I also like the feeling of being surrounded by the music, but with a really good set of front components, or more if you are willing to put money into nice kick panels to accomidate, the sound will still "fill the car". As of right now I don't have the money yet, but I'm thinking of keeping the set of coax I have and adding a set of components to my front stage and eliminating the 6x9's so I can vent the subs into the car through the holes there and where the armrest comes down in the back seat. As for now I'll stick with my 6x9's until I can get my front stage beefed up so that it can put out enough sound to make up for the lost rear stage.
 

Gold Member
Username: Jonathan_f

GA USA

Post Number: 2602
Registered: May-04
With a car, resonance is one of the biggest issues you have. A car is totally filled with reflections and resonances, metal, plastic, fiberglass, windshields, etc. Some of the sound from the front is still going to reflect off the back of the car with enough power, especially in really small vehicles like trucks. You're not alone, some people like having the feel of being surrounded by music. Honestly, what it sounds like to me is that you need a subwoofer. Subwoofer range is omni-directional and adds ambience to the music you're listening to. Without enough low end, your sound quality will lack tremendously and you'll lose the fullness and richness of the sound. Most people I've seen that depend on rear speakers to get a "surrounding" effect are usually using rear speakers as a crutch for lackluster bass performance due to not having a sub. I'm not saying that's your case, it's just what I see most of the time when I hear that comment. A proper front component system and subwoofer will still give a rich, full sound when set up properly, with the benefit of better soundstaging and imaging and also more clarity and detail due to less cancellation due to phase issues. Most people on this forum are on a budget (lots on a VERY strict one at that) and they are better off investing money into better front components than they are dividing it between fronts and rears. I recommend the same for you, focus your efforts on a proper front component system and subwoofer setup and see how you like it before investing all your cash in fronts and rears. Even if you do have a ton of cash in your wallet, the least you could do is supply yourself the best there is to be had as far as front soundstaging goes, with a lot of money and the will to get the best results, there's no reason not to.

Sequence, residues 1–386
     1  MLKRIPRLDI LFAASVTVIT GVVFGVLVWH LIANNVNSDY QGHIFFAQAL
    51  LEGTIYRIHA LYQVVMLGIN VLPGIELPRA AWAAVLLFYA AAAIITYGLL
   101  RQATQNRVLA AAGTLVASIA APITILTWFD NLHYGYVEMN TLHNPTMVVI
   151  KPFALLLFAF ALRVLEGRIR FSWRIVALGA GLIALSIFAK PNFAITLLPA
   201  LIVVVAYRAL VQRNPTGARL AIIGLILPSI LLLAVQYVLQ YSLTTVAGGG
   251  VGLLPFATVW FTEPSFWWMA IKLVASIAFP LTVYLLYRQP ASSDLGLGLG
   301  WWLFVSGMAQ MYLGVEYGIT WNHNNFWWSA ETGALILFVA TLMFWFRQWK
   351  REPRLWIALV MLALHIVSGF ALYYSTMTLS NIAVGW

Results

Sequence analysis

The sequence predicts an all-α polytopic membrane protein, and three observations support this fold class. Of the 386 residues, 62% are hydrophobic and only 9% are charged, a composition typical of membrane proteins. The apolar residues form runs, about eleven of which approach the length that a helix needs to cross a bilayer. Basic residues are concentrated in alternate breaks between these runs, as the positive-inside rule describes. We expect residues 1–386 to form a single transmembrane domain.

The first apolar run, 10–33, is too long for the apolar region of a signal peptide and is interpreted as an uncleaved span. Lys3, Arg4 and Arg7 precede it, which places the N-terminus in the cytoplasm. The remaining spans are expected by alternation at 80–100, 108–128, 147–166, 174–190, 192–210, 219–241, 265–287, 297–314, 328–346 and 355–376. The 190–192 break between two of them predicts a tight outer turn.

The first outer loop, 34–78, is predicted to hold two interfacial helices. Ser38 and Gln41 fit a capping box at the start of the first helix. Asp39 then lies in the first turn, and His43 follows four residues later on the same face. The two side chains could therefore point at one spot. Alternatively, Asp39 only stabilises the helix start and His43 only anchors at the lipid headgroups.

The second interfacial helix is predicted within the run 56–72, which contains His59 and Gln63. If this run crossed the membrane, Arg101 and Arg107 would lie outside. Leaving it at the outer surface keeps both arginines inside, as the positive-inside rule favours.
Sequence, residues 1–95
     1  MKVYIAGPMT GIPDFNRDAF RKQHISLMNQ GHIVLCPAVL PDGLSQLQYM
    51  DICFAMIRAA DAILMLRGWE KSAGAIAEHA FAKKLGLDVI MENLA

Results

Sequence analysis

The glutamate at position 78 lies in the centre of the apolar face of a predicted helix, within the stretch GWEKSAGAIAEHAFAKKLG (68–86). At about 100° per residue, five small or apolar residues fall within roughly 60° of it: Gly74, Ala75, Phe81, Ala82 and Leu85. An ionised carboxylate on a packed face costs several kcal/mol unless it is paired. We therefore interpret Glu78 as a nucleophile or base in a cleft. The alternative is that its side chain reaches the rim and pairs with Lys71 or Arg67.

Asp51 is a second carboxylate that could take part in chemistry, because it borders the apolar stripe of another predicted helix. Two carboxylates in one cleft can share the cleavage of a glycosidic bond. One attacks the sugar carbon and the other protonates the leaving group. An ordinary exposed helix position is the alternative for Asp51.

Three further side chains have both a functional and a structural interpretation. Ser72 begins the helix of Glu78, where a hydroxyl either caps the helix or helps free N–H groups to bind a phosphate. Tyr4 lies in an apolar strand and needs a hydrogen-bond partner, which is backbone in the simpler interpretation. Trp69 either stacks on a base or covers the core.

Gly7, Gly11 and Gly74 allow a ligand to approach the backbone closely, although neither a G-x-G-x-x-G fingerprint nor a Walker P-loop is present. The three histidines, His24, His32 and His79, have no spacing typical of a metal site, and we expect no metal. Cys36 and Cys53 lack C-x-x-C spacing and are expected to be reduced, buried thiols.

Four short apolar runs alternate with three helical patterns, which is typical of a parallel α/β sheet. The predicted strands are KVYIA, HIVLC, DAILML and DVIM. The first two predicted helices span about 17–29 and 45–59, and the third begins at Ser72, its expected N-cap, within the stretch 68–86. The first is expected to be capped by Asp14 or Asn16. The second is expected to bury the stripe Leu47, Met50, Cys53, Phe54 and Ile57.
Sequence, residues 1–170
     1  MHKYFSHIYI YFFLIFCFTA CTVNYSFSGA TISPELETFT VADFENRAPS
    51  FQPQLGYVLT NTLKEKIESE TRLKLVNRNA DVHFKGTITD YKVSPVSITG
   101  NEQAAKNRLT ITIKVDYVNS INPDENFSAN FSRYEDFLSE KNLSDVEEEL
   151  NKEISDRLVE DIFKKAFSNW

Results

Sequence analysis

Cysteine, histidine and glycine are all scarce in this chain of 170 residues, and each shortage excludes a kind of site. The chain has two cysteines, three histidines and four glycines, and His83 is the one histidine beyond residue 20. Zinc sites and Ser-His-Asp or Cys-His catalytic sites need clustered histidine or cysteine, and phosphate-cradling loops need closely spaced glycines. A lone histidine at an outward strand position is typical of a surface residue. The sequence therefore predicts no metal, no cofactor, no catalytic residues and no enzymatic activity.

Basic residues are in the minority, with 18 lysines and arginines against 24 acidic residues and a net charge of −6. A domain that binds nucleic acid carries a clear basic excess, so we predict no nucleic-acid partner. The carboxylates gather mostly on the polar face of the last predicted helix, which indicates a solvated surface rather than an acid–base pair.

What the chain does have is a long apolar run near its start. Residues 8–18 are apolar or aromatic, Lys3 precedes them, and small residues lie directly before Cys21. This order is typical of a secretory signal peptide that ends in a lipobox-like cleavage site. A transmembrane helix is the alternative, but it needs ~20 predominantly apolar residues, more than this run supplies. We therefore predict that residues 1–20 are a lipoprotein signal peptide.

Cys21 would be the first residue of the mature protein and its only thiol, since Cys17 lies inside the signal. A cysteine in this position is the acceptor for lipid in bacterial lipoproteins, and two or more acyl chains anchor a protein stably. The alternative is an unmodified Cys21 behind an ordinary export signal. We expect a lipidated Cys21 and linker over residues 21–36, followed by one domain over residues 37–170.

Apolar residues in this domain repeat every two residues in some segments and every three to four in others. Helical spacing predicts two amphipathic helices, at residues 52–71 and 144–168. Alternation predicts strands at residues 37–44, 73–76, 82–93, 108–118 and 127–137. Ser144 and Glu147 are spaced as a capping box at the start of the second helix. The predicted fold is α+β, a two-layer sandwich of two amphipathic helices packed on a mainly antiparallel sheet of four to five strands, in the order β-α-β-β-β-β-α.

Gold Member
Username: Glasswolf

NorthWest, Michigan USA

Post Number: 5561
Registered: Dec-03
by the way, you're not an audiotard, although that term did make me laugh.. reminded me of this:
http://www.teamrocs.com/crap/newbie.htm

If you have the time to do this little exercise, I can show you how good a 2.0 speaker system can sound, and you'll be forever swayed to the oldschool side.
go to www.martinlogan.com
find the closest authorized dealer to you on their little database.
Go there one day when you have some free time.
Ask a sales associate to let you audition a pair of Martin Logan ESL panels, something similar to the Odessey or Prodigy lines they offer. Listen to a jazz CD they'll have handy (they always do.)
sit back about 15-20ft from the speakers, dead center in the "sweet spot" and close your eyes.
listen to the nuances of the instruments, the volcals, and as you listen, picture yourself at a club, live, and try to point out where each person is sitting and playing. Try to figure out which way they're each facing.
After you've done that, which is very possible with these speakers, you'll understand why I don't feel music needs any surround effect at all to sound absolutely perfect.
I've done this little demonstration with several of my friends trying to convince them of why I was willing to fork out $3600/pr for my KEF Reference mains, and over $6500/pr for the Martin Logan Odesseys, plus the cost of the Krell amplifiers, bi-wire cables, etc..
After they auditioned the speakers, they stumbled back in with a glazed look, and started trying to figure out how they could afford to buy a pair of the speakers, too.
lol

If you have the time, try it. See if you still feel a need for more than two speakers in a room when it's not a movie soundtrack you're listening to.
Please, let me know what you think, too. I'd like to hear your results and thoughts.